PTI Advent 2018: Delivering Christmas


As December draws on, we at Port Technology International have been looking at the role shipping plays in delivering Christmas to people all over the world, as well as its priceless role in global trade.

Shipping is the lifeblood of the global economy and is responsible for carrying 90% of world trade. There are over 50,000 merchant ships currently trading internationally, manned by over a million seafarers of every nationality.

 In 2018, as it has done every year, shipping really will be assuming the role of Santa by taking your presents from the manufacturer and delivering them to your door.



Shipping has always been pivotal to global supply chains and human development. Even as far back as classical times, it has been instrumental in enabling technological innovation and connecting people.

Sea lanes brought continents closer together while ports allowed an ever increasing number of goods to cross borders.

For approximately 1500 years the Silk Road connected East and West. A massive network of trade routes over land and sea, it took its name from the lucrative trade in silk, which was a highly precious commodity at the time.



It played a significant role in the development of civilizations in China, Kore and Japan, the Indian subcontinent, Arabia, East Africa and Europe – a fact which emphasizes, perhaps more than any other, the importance of trade and shipping.

How is the trade war affecting shipping? Find out with a Port Technology technical paper

Today, China seeks to rebuild the Silk Road in the shape of its Belt and Road Initiative (BRI). The BRI is the biggest infrastructure project in history and is estimated to cost anything between US $900 billion to $1 trillion.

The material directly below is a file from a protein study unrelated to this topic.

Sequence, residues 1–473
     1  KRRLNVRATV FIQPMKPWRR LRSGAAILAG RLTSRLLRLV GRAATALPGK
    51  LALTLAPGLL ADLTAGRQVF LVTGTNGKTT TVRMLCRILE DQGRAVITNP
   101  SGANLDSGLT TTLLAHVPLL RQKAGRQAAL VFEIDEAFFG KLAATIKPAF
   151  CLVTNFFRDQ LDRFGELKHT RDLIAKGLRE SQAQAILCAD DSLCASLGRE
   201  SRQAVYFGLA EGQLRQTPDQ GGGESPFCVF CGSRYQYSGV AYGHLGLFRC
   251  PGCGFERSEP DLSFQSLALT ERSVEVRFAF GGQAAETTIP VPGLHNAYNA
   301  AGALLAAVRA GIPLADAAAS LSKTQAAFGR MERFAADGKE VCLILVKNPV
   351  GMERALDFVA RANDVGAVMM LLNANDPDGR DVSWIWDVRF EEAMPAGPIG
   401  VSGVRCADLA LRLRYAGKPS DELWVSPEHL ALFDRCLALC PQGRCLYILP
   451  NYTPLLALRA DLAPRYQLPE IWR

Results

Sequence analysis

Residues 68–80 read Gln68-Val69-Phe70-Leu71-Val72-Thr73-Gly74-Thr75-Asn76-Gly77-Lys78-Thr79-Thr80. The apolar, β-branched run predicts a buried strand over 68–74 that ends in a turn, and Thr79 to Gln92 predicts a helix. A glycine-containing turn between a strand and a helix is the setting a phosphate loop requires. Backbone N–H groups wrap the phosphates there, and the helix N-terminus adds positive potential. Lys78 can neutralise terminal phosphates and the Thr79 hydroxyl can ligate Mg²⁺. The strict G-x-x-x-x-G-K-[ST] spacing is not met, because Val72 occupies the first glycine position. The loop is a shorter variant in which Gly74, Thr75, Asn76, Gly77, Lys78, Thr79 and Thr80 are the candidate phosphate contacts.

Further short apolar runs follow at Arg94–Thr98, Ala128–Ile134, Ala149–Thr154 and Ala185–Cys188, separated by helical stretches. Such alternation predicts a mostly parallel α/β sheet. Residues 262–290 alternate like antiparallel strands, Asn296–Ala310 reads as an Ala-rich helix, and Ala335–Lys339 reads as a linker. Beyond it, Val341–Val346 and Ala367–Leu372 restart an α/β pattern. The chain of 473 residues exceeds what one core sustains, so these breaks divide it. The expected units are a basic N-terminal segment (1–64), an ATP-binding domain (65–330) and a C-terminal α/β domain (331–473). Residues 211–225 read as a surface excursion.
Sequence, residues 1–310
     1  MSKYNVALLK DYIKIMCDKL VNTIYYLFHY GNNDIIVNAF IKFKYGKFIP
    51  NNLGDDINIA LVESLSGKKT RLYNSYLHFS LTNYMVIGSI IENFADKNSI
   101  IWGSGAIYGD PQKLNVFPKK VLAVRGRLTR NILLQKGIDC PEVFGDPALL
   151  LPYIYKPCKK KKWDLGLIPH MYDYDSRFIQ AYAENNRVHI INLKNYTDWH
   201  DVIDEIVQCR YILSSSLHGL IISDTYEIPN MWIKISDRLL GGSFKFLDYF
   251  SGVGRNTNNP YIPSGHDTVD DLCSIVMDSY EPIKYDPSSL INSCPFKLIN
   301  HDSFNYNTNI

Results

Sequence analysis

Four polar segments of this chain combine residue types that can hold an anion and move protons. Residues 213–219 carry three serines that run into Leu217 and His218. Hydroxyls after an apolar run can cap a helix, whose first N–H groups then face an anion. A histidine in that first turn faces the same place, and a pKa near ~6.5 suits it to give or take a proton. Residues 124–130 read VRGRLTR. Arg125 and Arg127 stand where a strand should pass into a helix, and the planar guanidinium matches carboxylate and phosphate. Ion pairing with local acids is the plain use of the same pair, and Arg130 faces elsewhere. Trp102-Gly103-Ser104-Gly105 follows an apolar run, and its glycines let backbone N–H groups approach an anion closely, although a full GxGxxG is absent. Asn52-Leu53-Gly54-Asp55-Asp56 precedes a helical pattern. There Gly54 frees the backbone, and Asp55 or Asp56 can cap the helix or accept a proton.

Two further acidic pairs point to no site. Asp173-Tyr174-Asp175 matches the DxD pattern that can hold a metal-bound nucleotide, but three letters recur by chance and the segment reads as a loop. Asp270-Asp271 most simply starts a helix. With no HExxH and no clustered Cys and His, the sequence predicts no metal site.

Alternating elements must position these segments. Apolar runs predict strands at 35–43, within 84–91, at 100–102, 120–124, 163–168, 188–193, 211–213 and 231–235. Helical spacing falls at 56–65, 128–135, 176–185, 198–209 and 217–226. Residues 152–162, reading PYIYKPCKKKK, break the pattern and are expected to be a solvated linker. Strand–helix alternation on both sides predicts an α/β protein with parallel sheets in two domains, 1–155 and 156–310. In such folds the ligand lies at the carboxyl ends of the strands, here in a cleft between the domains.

As we move into 2019 and then look towards 2020, the role of shipping will only grow as new potential shipping routes are explored in the Arctic and a new class of containerships that could hold carry 23,000 TEU.



CMA CGM, the fourth biggest container line in the world, is awaiting delivery of two of these ships, which are currently being built in China. They are expecting to be operational by 2020.

This means more cargo on the sea, which could potentially see TEU records broken, as they have been this year.

In August 2018, Maersk announced that one of its vessels – the Mumbai Maersk – had broken the record for the largest amount of cargo ever carried when it left the dock at Tanjung Pelepas Port in Malaysia carrying 19,038 TEU.

2019 will see all carriers prepare for the upcoming 2020 rules on sulfur emission, adding eco-friendly technology to the many challenges the industry already faces.

However, one thing is for certain. When Christmas 2019 comes round, it will be driven, as it has every other year, by container shipping.

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